After that we get a double header of people joining our team, as the next person to get hurled into TV land is Rise Kujikawa, recently retired idol. Her Shadowland is dripping with sexuality in some sort of strip club, and her other self parades about in a little bikini, promising to strip and show the "real" Risette. Risette, though, is only Rise's stage name... and the confusion over who she really is leads to a giant poledancing woman with slippery rainbow skin and a satellite dish for a head attacking you. Its powers of analysis and prediction leave your attacks ineffective, but your mascot pal Teddie who's been helping you through the dungeons as navigator ends up blowing himself up and becoming a flattened cutout of himself in order to defeat it. Rise's claims that there's no "real me", though, awaken Teddie's own self-doubts and create a Shadow version of himself for us to beat. Teddie then joins your team on the front lines with his Persona, Kintoki-Douji while Rise's, Himiko, is built for pure support and analysis. I was a little disappointed that Rise wasn't a frontline party member, but in ranking up her S.Link you both get her regrets and sadness over giving up the idol life as well as great supportive buffs for her to use on you in a fight. Teddie is a fun character though, and after this he comes into the ordinary world and gains the cute human form of a blonde boy. There are missteps, but more often than not I found him a charming and fun pal to be around. Your final party member is Naoto Shirogane, a clever detective who deduces that you and your group are up to something involving the murders and ends up getting willingly involved in the whole thing. Naoto is a good character and all, but like Kanji there are some things going on involving gender roles and other such issues that I really don't feel qualified in giving a critique on. I'll just summarize Naoto's whole character arc and let you be the judge on it. Naoto presents as male and is referred to with male pronouns when you're first dealing with them, but their Midnight Channel Shadow self speaks of THE AMAZING TRANSFORMATION OF THE DETECTIVE PRINCE in front of some sort of lab/medical room. Quel surprise, Naoto is actually AFAB (and from now on in-game is referred to by feminine pronouns). Her Shadow is built on the self-doubt of wanting to prove herself to the other members of the police squad, resentment at being looked down upon because she's so young, and wanting to emulate the detective heroes of her youth by presenting as a man. Japan and gender issues at work, everyone. Despite all of that, Naoto ended up being one of my favorite characters in the whole game. She's competent; not only in her deductive skills and reasonings to help figure out the mysteries of the TV world and who's trying to kill people, but her Persona Sukuna-Hikona actually has no weaknesses and several useful instant-death attacks to use on enemies. I think she's pretty cool, and she became part of my endgame team because of it.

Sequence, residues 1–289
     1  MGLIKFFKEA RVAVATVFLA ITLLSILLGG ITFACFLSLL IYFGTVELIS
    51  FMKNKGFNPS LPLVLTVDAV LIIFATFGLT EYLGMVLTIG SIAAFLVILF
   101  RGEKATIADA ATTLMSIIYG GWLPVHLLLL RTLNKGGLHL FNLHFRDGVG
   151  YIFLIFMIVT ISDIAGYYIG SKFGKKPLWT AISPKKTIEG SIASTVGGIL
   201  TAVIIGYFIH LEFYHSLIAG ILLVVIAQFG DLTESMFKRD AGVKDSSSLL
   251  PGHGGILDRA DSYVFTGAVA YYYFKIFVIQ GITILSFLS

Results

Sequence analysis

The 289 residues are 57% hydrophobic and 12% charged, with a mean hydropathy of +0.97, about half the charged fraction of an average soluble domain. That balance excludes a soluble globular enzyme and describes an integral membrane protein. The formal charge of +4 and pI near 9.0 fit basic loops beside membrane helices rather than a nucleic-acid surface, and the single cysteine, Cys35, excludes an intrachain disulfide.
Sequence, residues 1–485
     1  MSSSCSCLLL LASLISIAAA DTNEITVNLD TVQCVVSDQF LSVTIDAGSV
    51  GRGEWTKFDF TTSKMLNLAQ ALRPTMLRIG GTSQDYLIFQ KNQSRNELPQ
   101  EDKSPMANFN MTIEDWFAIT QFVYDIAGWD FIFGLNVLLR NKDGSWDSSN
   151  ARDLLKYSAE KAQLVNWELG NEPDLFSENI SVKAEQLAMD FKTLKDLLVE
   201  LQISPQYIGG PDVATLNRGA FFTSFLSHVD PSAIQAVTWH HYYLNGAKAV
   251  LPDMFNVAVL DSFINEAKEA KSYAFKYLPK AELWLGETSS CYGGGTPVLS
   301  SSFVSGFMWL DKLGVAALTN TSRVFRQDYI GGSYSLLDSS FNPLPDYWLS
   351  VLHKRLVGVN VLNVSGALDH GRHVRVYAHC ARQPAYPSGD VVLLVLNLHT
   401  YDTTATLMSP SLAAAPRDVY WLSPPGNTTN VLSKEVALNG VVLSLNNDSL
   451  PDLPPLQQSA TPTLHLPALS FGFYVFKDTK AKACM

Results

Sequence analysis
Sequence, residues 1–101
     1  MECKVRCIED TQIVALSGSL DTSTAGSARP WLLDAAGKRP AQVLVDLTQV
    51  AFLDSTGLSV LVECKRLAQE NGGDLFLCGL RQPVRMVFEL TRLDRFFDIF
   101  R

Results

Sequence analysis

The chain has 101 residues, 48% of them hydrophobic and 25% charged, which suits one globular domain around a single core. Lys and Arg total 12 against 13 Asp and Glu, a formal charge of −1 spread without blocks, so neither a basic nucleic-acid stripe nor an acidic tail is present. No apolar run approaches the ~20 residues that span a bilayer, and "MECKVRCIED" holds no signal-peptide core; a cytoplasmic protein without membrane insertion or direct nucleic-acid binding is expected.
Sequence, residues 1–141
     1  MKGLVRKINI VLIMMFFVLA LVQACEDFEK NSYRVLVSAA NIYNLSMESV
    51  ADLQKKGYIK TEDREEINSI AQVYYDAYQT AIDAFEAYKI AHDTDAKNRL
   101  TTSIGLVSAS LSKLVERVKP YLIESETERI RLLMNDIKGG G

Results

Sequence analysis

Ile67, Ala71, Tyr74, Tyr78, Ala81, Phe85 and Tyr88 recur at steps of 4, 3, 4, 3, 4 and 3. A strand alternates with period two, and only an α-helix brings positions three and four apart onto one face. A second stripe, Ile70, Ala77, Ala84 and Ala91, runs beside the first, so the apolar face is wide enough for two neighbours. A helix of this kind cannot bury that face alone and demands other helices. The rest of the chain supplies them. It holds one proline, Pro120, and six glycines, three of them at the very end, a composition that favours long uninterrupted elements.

These, of course, are only my ingame party members. There are many more S.Links to be had. I didn't max out many more beyond that because of the hell juggle that is balancing hanging out with friends, boosting my personality stats, and all of that fighting Shadows in a nightmare TV landscape. I did max out Dojima and Nanako's and they were great in their own right. Dojima's a hard worker who's often out late, and Nanako is rural Japan's most adorable seven year-old. There are lots more out there, of course. A basketball team member at high school with a strict family. A drama club member who resents her birth father. A fox at a shrine who requests for you to grant the wishes of those praying at the shrine (and goes into the TV world with you as a healer of SP and is very helpful). Dojima's goofy dork of a detective partner. The list goes on and on, and I suppose it's possible to max out every S.Link but I sure as hell didn't do it. There is one more big one added into the remastered Vita port that I'm playing, but we'll get to that. You don't just delve into the TV world to save people who become party members, though. There are some twists and turn to be had, and now we're going to get into them and delve into the endgame and the mythic and all that. Between saving Rise and Teddie, but before teaming up with Naoto, your homeroom teacher is found dead in a similar manner to the first two murders. Notably, he never appeared on the Midnight Channel to have his death foretold... nor did he show up on TV beforehand (which your Investigation Team has determined is the connection between both murder victims as well as everyone who's been lost in TV land so far) so something is off. You eventually pinpoint fellow high school student Mitsuo Kubo as your teacher's killer, and he laughs maniacally about killing them all like it was a game to him. True to form, then, his dungeon is a big voxel retro throwback with all sorts of Dragon Quest homages. His Shadow manifests as a small infant which creates a shell around it... and the shell is itself a voxel creation not unlike a Dragon Quest hero with about three frames of animation that Shadow Mitsuo withdraws into. Now THAT'S WHAT I CALL METACOMMENTARY!